As of Monday morning, the death toll in the Sri Lankan terror attacks had hit 290, with 500 injured.
According to Reuters, suspicion in the Easter Sunday attack has fallen on a little-known domestic radical Islamist organization, though a government spokesman has indicated they believe an international terrorist network is also involved.
Obviously, an attack that claimed the lives of hundreds of innocent people in three churches and four hotels on the holiest day of the Christian calendar is a major event that would trigger condolences from famous individuals of every stripe — politicians especially.
Barack Obama and Hillary Clinton were two of the political figures who mourned the tragic loss of life in Sri Lanka. However, many Twitter users noticed a bit of a problematic response to the tragedy:
The attacks on tourists and Easter worshippers in Sri Lanka are an attack on humanity. On a day devoted to love, redemption, and renewal, we pray for the victims and stand with the people of Sri Lanka.
— Barack Obama (@BarackObama) April 21, 2019
On this holy weekend for many faiths, we must stand united against hatred and violence. I’m praying for everyone affected by today’s horrific attacks on Easter worshippers and travelers in Sri Lanka.
— Hillary Clinton (@HillaryClinton) April 21, 2019
Did you notice the nettlesome phrase here? Bekah Baker, the deputy editor here at The Western Journal, did:
— Bekah Baker (@bekahjoy03) April 22, 2019
She wasn’t the only one:
The word you’re looking for is “Christians.” https://t.co/LlJ8KCEdFx
— Michael Knowles (@michaeljknowles) April 22, 2019
Christians, not #EasterWorshippers.
— Emma for Bernie Sanders (@Emma_Romola) April 22, 2019
I believe those “Easter Worshippers” are actually called “Christians.” pic.twitter.com/72hl2GlI6n
— Kyle Kashuv (@KyleKashuv) April 22, 2019
It’s not just that they decided to go with “Easter worshippers” as opposed to “Christians,” it’s the fact that they identified the dead, in one reading of the phrase, as worshippers of Easter. That’s a rather, um, curious way of describing what Christians do.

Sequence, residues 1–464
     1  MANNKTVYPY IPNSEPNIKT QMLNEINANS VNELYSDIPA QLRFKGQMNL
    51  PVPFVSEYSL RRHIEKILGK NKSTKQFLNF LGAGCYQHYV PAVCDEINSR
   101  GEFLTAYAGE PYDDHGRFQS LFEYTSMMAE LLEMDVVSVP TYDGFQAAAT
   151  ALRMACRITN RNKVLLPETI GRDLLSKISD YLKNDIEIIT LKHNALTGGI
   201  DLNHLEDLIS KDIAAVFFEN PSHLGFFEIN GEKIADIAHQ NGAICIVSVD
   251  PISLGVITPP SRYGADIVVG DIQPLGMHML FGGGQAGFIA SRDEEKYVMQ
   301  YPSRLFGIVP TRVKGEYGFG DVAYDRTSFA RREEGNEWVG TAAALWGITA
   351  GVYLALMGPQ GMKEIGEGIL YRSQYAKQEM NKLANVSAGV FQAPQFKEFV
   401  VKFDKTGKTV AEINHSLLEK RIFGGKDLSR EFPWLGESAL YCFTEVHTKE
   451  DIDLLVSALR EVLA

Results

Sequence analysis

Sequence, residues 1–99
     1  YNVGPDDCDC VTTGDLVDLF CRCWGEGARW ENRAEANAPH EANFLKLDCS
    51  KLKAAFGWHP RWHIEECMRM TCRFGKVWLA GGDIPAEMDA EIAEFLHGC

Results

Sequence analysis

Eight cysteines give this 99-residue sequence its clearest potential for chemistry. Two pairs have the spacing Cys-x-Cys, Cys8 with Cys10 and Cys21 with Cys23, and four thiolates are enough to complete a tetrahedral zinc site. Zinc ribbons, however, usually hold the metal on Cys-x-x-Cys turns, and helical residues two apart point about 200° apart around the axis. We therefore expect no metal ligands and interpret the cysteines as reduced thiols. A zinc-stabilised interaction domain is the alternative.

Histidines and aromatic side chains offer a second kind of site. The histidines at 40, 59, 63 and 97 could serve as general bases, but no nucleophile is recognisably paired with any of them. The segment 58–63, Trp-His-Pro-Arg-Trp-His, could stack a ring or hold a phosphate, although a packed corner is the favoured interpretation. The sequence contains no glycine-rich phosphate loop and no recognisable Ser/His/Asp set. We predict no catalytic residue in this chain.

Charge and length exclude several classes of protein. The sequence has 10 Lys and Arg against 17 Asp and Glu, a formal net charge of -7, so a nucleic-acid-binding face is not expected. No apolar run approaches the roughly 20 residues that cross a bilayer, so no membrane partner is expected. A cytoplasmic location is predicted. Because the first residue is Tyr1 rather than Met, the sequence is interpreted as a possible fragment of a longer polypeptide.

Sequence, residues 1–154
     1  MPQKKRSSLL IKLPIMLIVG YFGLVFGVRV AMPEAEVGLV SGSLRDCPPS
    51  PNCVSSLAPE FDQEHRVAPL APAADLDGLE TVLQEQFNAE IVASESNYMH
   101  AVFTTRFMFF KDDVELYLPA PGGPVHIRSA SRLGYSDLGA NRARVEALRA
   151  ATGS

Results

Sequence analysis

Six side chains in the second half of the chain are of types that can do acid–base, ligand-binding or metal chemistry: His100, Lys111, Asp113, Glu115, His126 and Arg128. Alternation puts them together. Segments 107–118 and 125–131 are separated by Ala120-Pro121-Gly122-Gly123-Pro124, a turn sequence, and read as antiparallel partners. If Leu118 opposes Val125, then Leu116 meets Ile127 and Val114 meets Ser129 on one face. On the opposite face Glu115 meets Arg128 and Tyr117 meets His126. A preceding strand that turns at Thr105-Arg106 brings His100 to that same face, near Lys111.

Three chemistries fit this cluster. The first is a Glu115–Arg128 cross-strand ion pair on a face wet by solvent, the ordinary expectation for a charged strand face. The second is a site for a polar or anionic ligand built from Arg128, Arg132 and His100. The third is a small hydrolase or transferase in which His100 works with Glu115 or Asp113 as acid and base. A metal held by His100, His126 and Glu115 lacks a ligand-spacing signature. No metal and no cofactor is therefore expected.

By the way, at least two of the 2020 Democrat presidential candidates also declined to use the word Christian in their tweeted condolences:
On a day of redemption and hope, the evil of these attacks on Easter worshippers and tourists in Sri Lanka is deeply saddening. My prayers today are with the dead and injured, and their families. May we find grace.
— Julián Castro (@JulianCastro) April 21, 2019
I’m heartsick for the victims of today’s terrorist attacks in Sri Lanka. Hundreds have been killed and wounded. To slaughter worshippers at church during Easter service is an act of great evil. My thoughts and my prayers are with the victims and their loved ones.
— Elizabeth Warren (@ewarren) April 21, 2019
At least Elizabeth Warren knew enough to realize these weren’t individuals worshipping a holiday as if it were some sort of pagan God, but apparently the C-word is kind of like Voldemort’s name at Hogwarts.
Please don’t get me wrong: I don’t mean to automatically ascribe anti-Christian bigotry to any of these individuals, or anyone else who called the victims here “Easter worshippers,” or diminish what I’m sure is a genuinely held sympathy by these people for those who have been affected by this monstrous tragedy.
However, I’ll note two things here. First, we can probably guess that these individuals weren’t targeted because they went into a church on Easter. They were targeted because they were Christians. That makes naming the religion somewhat important here — if just to make plain the impetus behind the inhumanity in this inhuman act.
Second, this is the kind of embarrassment that the left shows when it’s dangerously uneducated on issues of the Christian faith. In one newspaper — The New York Times — over the over the past week, we’ve seen Easter described as “the celebration of the resurrection into heaven of Jesus” and the eucharist a priest saved from the Notre Dame cathedral in Paris identified as a statue because the reporter didn’t know what “the body of Christ” refers to in Roman Catholicism.
And that’s a whole left-leaning newspaper, not just one individual. Even the individuals I mentioned, however, would know better than to identify Jews as “Yom Kippur worshippers” or Muslims merely as “mosque-goers.”
Why is it, therefore, they refuse to even speak the name of our nation’s largest religion?
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